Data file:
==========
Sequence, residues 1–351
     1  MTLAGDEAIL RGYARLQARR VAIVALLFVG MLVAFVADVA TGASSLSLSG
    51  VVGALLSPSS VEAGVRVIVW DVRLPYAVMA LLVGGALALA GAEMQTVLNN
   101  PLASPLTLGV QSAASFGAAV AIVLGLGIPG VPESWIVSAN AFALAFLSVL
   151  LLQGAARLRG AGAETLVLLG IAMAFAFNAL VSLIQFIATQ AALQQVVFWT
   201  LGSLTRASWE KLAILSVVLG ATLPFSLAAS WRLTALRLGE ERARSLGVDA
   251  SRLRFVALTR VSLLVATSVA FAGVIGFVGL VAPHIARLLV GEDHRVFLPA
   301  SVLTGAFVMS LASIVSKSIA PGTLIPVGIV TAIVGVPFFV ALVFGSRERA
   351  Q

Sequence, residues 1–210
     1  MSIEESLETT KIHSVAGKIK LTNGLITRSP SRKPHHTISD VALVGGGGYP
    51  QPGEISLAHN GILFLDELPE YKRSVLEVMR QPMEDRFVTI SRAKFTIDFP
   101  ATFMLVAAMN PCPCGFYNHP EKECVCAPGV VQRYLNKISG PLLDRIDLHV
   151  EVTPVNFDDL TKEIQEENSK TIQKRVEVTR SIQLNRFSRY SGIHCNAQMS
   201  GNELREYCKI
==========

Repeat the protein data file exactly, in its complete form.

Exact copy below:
Sequence, residues 1–351
     1  MTLAGDEAIL RGYARLQARR VAIVALLFVG MLVAFVADVA TGASSLSLSG
    51  VVGALLSPSS VEAGVRVIVW DVRLPYAVMA LLVGGALALA GAEMQTVLNN
   101  PLASPLTLGV QSAASFGAAV AIVLGLGIPG VPESWIVSAN AFALAFLSVL
   151  LLQGAARLRG AGAETLVLLG IAMAFAFNAL VSLIQFIATQ AALQQVVFWT
   201  LGSLTRASWE KLAILSVVLG ATLPFSLAAS WRLTALRLGE ERARSLGVDA
   251  SRLRFVALTR VSLLVATSVA FAGVIGFVGL VAPHIARLLV GEDHRVFLPA
   301  SVLTGAFVMS LASIVSKSIA PGTLIPVGIV TAIVGVPFFV ALVFGSRERA
   351  Q

Sequence, residues 1–210
     1  MSIEESLETT KIHSVAGKIK LTNGLITRSP SRKPHHTISD VALVGGGGYP
    51  QPGEISLAHN GILFLDELPE YKRSVLEVMR QPMEDRFVTI SRAKFTIDFP
   101  ATFMLVAAMN PCPCGFYNHP EKECVCAPGV VQRYLNKISG PLLDRIDLHV
   151  EVTPVNFDDL TKEIQEENSK TIQKRVEVTR SIQLNRFSRY SGIHCNAQMS
   201  GNELREYCKI